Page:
Dr. Taboas brought up another good point - the effects that this anxiety can have on other aspects of your life. "If you are worried about managing your anxiety, this in turn can lead to multiple avenues of distress, including loss of sleep, irregular eating, interpersonal problems (specially with spouses and family), chronic avoidance of obligations (leading to job loss), and in some cases, medical complications (if your money anxiety goes unattended and you cannot afford medical care, for example).".
So, how can we make sure we don't get to that point, and start to develop a healthy mindset in regards to our finances? Dr. Taboas provided 3 steps to achieving that goal.
First step - know thyself. Know your relationship with your money, and how that relation is creating the anxiety that you're feeling. Are you super frugal and never spend anything, therefore never enjoy what your money can do? Are you spending TOO much and getting into debt, and now you're anxious about that debt? Are you nervous about having those conversations with your partner and it's now starting to effect your relationship? Is your anxiety taking its toll on other things? Being honest with your relationship with your finances is the easiest way to address some of the problems your anxiety is creating for you.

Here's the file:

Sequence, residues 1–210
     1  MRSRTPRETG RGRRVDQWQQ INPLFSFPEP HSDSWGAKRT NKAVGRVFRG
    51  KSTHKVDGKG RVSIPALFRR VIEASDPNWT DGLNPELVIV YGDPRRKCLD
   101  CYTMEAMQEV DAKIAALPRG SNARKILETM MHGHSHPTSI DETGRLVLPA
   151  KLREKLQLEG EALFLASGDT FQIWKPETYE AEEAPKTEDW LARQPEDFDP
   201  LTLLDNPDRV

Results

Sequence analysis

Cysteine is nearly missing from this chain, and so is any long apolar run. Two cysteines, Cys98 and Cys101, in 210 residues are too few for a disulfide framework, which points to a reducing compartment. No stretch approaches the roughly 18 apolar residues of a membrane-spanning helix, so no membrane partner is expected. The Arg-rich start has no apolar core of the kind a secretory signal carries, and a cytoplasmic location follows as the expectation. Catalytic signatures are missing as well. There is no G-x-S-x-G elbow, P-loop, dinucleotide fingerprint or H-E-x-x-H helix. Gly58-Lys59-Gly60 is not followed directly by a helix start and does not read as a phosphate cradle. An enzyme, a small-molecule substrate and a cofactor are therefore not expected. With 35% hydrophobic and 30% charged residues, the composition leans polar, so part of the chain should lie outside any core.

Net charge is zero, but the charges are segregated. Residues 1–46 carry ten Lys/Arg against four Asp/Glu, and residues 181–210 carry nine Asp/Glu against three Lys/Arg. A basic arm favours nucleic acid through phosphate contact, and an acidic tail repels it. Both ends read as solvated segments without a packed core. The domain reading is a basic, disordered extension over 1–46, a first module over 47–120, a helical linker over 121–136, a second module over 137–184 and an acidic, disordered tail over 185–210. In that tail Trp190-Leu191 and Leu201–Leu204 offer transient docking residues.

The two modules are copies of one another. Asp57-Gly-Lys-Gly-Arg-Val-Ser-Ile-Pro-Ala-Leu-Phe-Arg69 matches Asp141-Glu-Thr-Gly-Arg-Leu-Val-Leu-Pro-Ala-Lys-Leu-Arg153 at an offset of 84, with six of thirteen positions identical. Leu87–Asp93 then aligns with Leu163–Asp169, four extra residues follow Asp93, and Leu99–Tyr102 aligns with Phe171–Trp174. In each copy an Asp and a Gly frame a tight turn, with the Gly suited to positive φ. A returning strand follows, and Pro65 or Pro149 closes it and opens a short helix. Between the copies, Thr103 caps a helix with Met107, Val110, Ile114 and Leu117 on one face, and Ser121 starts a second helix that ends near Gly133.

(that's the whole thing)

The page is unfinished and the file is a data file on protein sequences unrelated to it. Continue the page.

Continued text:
Second step - make an action plan. Budgeting is a huge step in the right direction. Getting outside help with your finances is also a great resource. Dr. Taboas emphasized that everyone's plan will be different. "If you are an over-planner, you would need to identify your own internal “good enough rule” to refrain from money taking over you life. If you are an avoider, you will need to confront, plan, and execute your financial plan consistently. Regardless of your type of anxious reaction, make sure you always have the a broader perspective of your plans and expectations, and while planning on both the short term and long term, to not get caught up in the short term."
Last - and perhaps most important- step - don't be afraid to pivot, and learn to be flexible. Not all plans and foolproof, "And that is perfectly ok - which is the hardest part about successfully managing anxiety: learning to accept the things you cannot change and confront the things you can.
Stoic philosophers developed an antidote for anxiety centuries ago - radical acceptance of life. Life will always have curve balls – accept life and its wonders, mysteries, blessings, and curve balls for what they are instead of trying to control everything. Try to be as rational as possible with your money, and responsible of course, but in the end, don’t let it consume you – enjoy life itself. After all, money is just a facilitator of happiness – not the thing that BRINGS the happiness.”
Dr. William Taboas is a licensed clinical psychologist providing psychotherapy services at Coronado Psych for anxiety and mood disorders. Dr. Taboas is also a postdoctoral research fellow at the Center for Understanding and Treating Anxiety at San Diego State University where he conducts translational research using physiological markers that underpin anxiety to further refine psychological treatments. Dr. Taboas has presented at national conferences, including the Association for Behavioral and Cognitive Therapies (ABCT), the Anxiety and Depression Association of America (ADAA), and the International Obsessive-Compulsive Disorder Foundation (IOCDF) and local organizations such as OCD SoCal.